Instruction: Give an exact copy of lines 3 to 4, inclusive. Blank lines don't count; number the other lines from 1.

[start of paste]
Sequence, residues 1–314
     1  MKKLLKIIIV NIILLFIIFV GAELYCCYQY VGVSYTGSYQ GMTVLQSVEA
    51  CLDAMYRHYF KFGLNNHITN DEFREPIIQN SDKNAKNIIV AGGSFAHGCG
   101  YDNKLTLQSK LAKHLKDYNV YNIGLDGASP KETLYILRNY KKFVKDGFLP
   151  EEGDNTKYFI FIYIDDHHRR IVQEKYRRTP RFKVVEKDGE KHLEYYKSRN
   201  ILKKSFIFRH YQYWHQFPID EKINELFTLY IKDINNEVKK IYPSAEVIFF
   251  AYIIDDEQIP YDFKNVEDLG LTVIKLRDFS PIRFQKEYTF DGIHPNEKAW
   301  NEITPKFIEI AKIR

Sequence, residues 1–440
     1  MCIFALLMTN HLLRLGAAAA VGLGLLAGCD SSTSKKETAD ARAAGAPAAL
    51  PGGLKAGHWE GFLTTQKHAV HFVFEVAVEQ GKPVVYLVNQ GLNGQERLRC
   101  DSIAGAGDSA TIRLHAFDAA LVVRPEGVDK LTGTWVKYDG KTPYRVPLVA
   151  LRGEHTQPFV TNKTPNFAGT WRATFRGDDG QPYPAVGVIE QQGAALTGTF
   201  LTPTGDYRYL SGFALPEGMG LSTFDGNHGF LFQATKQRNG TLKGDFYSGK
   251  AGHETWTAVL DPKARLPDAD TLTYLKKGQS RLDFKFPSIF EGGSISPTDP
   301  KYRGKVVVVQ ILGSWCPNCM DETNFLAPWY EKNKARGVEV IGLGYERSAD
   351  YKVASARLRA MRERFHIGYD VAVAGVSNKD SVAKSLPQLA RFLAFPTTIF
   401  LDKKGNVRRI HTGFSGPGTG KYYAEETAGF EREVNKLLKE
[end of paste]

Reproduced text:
    51  CLDAMYRHYF KFGLNNHITN DEFREPIIQN SDKNAKNIIV AGGSFAHGCG
   101  YDNKLTLQSK LAKHLKDYNV YNIGLDGASP KETLYILRNY KKFVKDGFLP